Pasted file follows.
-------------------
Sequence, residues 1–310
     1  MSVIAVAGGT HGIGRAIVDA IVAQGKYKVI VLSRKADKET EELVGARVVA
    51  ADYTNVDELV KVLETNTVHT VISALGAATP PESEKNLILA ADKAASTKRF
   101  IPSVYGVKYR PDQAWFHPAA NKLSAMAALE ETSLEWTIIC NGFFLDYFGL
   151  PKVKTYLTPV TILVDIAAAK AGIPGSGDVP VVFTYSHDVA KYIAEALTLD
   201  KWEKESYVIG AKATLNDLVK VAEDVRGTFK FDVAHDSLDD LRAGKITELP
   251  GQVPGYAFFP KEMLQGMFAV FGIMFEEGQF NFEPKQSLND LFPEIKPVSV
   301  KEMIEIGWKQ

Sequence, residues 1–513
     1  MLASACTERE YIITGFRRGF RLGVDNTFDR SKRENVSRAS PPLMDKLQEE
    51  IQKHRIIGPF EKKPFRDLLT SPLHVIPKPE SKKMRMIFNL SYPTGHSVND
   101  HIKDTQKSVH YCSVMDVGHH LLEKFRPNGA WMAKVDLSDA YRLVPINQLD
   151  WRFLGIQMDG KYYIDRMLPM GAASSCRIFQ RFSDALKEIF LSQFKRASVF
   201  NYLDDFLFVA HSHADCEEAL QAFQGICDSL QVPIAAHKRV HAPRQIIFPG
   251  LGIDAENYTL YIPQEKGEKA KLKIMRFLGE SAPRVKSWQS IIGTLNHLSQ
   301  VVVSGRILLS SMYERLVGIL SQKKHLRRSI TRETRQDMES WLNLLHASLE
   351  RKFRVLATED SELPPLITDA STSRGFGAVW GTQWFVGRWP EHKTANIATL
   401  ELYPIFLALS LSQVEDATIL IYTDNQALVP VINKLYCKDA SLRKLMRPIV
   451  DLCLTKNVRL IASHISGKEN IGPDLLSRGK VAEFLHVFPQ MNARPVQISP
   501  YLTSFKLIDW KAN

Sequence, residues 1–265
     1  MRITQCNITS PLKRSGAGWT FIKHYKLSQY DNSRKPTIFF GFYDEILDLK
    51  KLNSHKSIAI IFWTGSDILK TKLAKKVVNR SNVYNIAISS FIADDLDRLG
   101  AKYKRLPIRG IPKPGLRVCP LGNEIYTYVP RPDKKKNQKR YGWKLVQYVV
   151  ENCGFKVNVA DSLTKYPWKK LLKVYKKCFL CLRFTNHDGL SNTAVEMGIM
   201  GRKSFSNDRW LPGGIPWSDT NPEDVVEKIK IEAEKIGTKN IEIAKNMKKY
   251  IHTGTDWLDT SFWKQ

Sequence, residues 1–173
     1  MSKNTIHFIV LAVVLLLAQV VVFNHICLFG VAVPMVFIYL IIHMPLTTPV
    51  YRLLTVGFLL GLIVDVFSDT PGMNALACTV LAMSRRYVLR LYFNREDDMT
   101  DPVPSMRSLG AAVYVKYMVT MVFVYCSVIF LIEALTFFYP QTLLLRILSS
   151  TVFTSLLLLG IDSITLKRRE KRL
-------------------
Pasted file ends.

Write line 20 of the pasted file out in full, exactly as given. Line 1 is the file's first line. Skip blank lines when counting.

   501  YLTSFKLIDW KAN